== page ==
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Decision-making criteria

This set of criteria was archived on 5 October 2012 as part of our Transformation Programme.

Unsatisfactory explanation of conduct, decision to give REL notice of

Principles of regulatory decision-making, approved by the SRA Board, provide a set of standards applicable to decisions. The principles are supported by guidelines.

The reasons given by a decision-maker will normally include specific criteria applicable to the decision. SRA Policies relevant to decision-making are reflected in the criteria.

Scope of this document

This document applies to decisions to give notice in writing to an RFL, having requested their explanation in respect of a matter relating to their conduct, that the SRA does not regard their response, or lack of response, as satisfactory.

The effect is that the event of 'failing to respond satisfactorily' is added to the purposes for which a condition may be imposed, at any time, on the RFL's registration.:

The relevant provisions are:

Criteria

The decision-maker must be satisfied that:

  • the RFL has been requested to give an explanation in respect of a matter relating to his or her conduct; and
  • the RFL has failed to give a satisfactory explanation or any explanation.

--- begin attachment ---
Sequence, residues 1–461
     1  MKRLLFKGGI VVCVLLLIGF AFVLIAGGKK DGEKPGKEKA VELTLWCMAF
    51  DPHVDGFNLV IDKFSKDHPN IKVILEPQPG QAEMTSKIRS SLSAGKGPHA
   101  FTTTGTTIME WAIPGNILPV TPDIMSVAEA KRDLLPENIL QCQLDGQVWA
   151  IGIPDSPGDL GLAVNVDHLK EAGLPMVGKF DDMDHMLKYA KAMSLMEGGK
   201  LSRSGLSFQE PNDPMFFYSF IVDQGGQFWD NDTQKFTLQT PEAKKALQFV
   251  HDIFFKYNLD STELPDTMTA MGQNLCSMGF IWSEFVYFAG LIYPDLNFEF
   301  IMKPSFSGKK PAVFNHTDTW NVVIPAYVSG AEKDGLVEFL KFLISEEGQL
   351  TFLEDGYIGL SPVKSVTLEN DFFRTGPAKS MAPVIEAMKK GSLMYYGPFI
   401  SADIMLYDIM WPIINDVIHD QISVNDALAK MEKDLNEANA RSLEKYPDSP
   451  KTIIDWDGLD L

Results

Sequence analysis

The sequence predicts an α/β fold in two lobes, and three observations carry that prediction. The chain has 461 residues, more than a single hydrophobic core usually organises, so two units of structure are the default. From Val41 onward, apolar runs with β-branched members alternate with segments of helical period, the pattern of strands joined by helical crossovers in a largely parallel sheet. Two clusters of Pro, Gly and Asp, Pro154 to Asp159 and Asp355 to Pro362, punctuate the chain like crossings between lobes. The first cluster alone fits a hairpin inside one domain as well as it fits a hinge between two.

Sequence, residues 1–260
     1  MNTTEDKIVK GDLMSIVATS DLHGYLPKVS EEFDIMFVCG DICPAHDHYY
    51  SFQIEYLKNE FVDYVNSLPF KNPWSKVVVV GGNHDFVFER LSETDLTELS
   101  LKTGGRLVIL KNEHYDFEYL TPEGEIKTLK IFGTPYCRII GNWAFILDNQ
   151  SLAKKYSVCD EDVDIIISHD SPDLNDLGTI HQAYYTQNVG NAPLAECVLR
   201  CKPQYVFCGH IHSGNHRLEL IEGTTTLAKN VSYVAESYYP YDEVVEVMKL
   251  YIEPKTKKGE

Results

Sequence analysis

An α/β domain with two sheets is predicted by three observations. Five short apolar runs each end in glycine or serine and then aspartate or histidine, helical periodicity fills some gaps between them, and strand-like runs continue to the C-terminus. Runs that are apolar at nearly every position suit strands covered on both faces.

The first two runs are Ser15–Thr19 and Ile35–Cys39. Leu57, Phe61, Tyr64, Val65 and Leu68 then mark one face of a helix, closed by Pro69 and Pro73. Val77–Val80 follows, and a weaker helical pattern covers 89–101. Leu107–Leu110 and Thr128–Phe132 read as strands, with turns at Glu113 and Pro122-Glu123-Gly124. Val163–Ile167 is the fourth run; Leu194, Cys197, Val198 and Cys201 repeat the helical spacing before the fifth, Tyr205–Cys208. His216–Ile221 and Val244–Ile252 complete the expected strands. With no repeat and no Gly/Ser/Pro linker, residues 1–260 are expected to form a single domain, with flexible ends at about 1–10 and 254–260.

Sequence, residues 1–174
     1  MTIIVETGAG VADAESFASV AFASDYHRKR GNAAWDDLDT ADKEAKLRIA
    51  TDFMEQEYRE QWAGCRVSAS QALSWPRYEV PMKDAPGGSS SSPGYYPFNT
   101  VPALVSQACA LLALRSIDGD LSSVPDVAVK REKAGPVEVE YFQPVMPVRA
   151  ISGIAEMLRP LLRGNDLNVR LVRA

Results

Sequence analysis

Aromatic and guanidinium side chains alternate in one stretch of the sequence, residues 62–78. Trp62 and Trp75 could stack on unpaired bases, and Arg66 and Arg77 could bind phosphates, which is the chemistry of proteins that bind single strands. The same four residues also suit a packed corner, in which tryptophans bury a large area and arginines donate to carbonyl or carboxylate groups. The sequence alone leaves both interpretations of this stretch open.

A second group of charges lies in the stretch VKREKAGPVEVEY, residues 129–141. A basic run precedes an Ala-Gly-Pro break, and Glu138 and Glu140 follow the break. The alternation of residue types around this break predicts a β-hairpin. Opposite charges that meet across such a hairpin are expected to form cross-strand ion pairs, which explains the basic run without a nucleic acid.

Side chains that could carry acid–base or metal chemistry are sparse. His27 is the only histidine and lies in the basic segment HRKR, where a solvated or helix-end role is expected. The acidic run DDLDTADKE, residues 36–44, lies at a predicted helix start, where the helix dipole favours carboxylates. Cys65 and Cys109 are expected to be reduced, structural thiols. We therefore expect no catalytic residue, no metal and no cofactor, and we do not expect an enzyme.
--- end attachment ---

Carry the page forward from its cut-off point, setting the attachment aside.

Example

The example below is illustrative and does not set any type of precedent. Each matter is considered on its own facts and merits.

A registered European lawyer, Mr S is a member of US Solicitors LLP. An allegation is made that Mr S has misled a lender client in a conveyancing transaction. The mortgage instructions from the lender client indicate the purchase price of the property was £450,000.00 and that the loan was for £405,000.00. The instructions also required US Solicitors to notify the lender client of any discounts in the purchase price or if any part of the purchase price did not pass through client account. Mr S has submitted the normal Certificate of Title to the lender client confirming mortgage instructions are complied with.

However, it transpires that only the mortgage money passed through the client account. The Transfer and contract documents state the purchase price is £450,000.00 although a draft transfer on the solicitor’s file provides the purchase as £405,000.00.

We alleging that Mr S has:

  • misled his lender client;
  • acted without integrity;
  • failed to act in the best interests of his lender client; and
  • acted in a way likely to diminish the trust the public places in him and the legal profession.

Mr S is required to provide his explanation. Our letter requiring his explanation notifies him that if he fails to provide a satisfactory explanation within 14 days, we may decide to give formal notice in accordance with regulation 3.1(b) of the SRA Practising Regulations 2009. This provides that Mr S will be required to give six weeks notice when applying for registration.

Although Mr S replies, he fails to explain in any proper way why he has not informed his lender client that deposit money has not passed through client account. He has failed to demonstrate adequately what the actual purchase price was.

In these circumstances, in the absence of a satisfactory explanation to such serious allegations, it will be appropriate for us to consider whether Mr S should be subject to regulation 3.1(b).